From the TED site:
People want to be religious, says scholar Karen Armstrong; we should help make religion a force for harmony. She asks the TED community to help build a Charter for Compassion — to restore the Golden Rule as the central global religious doctrine.
If you haven’t yet run into a conversation about TED (Technology, Entertainment, Design) Talks, consider this your much abbreviated crash course. The concept of TED developed in 1984, as American architect and graphic designer Richard Saul Wurman conceived of an annual conference to explore the convergence of technological, entertainment and design fields (sense a theme here?). The conference has expanded over the years to a twice-annual, weeklong event featuring presenters with emphasis not only in these fields but also in culture, scientific, and academic topics. Videos of these talks are now available online for free at the TED Conference website, which is fortunate – the price tag for a 2017 pass to the Vancouver event is $17,000 per person.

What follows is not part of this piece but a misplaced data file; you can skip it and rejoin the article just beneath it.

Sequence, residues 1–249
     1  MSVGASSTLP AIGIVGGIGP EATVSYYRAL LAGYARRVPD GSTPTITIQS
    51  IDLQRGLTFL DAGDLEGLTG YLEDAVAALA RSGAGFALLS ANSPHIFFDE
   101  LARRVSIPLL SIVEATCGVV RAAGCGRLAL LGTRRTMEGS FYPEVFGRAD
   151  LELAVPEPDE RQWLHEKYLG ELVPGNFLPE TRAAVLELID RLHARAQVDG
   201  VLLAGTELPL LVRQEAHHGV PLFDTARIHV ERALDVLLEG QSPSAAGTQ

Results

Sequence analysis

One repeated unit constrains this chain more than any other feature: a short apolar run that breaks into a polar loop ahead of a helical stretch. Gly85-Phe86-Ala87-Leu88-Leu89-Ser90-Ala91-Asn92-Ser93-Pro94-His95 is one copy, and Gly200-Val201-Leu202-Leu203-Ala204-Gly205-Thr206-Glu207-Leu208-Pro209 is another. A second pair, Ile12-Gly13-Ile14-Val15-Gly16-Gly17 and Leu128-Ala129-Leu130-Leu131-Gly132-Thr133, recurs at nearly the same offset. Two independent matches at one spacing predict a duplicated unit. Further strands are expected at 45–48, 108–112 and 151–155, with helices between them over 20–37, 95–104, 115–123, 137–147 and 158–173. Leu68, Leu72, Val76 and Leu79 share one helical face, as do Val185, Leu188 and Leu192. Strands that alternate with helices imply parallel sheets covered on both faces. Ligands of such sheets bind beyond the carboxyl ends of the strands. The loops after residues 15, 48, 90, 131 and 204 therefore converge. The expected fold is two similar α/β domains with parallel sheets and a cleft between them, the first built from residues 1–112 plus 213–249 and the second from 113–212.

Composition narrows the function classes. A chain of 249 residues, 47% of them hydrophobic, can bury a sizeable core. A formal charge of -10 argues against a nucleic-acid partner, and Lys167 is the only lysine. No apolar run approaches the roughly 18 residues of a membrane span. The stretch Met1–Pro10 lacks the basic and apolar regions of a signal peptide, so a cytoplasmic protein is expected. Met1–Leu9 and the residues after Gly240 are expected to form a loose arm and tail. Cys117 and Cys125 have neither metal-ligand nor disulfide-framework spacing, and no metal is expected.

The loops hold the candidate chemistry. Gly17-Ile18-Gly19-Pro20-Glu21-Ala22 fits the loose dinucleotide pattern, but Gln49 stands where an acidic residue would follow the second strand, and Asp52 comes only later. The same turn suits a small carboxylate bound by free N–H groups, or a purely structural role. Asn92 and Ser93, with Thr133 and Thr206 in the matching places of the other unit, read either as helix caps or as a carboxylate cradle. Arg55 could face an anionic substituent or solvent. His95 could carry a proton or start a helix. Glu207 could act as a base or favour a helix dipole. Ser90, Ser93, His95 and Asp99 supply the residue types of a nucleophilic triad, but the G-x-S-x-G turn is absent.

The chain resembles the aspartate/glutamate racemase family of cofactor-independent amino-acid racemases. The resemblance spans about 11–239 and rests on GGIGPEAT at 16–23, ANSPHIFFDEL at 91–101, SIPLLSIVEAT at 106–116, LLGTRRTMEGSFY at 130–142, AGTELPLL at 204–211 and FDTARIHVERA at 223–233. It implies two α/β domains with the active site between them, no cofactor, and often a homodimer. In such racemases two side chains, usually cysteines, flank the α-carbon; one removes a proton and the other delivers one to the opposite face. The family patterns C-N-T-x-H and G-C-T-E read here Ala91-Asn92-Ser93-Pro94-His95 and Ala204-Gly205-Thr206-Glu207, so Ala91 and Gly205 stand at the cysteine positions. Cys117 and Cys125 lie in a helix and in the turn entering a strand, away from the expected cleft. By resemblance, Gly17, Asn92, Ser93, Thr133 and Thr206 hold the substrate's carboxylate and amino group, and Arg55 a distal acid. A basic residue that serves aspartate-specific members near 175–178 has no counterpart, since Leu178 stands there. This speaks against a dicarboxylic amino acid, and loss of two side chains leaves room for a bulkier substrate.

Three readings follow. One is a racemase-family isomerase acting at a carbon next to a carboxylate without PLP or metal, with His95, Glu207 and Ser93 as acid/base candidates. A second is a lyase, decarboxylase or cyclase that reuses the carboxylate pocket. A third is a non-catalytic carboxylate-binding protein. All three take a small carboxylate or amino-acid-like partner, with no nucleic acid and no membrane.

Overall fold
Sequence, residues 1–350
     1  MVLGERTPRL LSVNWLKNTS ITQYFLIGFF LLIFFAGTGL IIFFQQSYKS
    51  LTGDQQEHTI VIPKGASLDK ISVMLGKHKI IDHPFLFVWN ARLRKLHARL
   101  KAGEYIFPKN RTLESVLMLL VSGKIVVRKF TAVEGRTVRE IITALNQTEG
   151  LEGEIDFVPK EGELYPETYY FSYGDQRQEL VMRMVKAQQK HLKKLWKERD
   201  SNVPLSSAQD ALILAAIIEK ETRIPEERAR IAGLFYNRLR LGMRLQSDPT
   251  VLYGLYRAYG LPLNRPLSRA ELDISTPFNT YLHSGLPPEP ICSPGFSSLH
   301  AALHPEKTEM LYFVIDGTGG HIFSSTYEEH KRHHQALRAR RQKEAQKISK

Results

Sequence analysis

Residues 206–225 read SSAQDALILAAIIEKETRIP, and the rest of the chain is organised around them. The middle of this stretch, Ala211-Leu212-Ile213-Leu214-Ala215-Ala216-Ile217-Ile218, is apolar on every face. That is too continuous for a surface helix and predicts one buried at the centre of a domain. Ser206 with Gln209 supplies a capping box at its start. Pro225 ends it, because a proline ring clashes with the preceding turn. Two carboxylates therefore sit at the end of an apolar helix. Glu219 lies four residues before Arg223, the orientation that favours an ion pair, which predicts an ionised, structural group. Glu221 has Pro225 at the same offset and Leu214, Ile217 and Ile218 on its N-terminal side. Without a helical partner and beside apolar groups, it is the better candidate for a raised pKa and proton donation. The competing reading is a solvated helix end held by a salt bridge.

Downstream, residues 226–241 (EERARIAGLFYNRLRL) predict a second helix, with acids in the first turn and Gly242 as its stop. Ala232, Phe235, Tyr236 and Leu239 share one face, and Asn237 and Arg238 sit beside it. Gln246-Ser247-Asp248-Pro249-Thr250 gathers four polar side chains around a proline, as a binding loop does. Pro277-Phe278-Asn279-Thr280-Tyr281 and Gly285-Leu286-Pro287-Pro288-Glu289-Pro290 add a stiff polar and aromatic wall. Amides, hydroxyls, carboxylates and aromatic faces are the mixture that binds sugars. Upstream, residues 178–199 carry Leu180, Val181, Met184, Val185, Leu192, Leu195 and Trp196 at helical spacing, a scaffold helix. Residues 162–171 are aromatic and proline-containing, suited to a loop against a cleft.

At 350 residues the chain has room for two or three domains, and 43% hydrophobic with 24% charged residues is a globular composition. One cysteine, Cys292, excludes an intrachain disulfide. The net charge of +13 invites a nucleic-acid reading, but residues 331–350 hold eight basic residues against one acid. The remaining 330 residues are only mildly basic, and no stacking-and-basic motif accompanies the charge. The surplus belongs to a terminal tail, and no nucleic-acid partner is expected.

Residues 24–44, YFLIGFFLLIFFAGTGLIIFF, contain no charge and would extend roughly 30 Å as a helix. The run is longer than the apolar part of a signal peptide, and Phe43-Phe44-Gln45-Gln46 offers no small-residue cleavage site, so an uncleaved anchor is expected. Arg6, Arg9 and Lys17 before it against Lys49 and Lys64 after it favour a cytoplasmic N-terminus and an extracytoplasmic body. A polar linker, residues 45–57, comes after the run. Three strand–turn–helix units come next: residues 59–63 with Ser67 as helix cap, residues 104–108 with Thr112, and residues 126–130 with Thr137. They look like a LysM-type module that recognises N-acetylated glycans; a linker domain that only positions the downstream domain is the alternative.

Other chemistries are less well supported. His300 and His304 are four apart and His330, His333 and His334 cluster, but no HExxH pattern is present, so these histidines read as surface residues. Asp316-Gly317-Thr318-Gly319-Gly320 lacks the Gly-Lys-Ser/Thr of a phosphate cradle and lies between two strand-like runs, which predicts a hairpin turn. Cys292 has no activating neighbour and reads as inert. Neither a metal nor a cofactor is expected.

I adore listening to TED Talks while I work, but the smorgasbord of topic choices makes it tough to pick a starting point. For this reason, I typically use NPR’s TED Radio Hour as my jumping-off point. They curate multiple talks into one themed show, with tantalizing bits of the original talk plus interviews with the presenter to give context and history behind the original presentation. It was through TED Radio Hour that I discovered the TED Talk below, given by religious historian Karen Armstrong in February 2008 on the nature of human compassion. It’s an interesting listen on its own, but I do recommend the TED Radio Hour presentation “Just a Little Nicer” as well for other features in the same vein.
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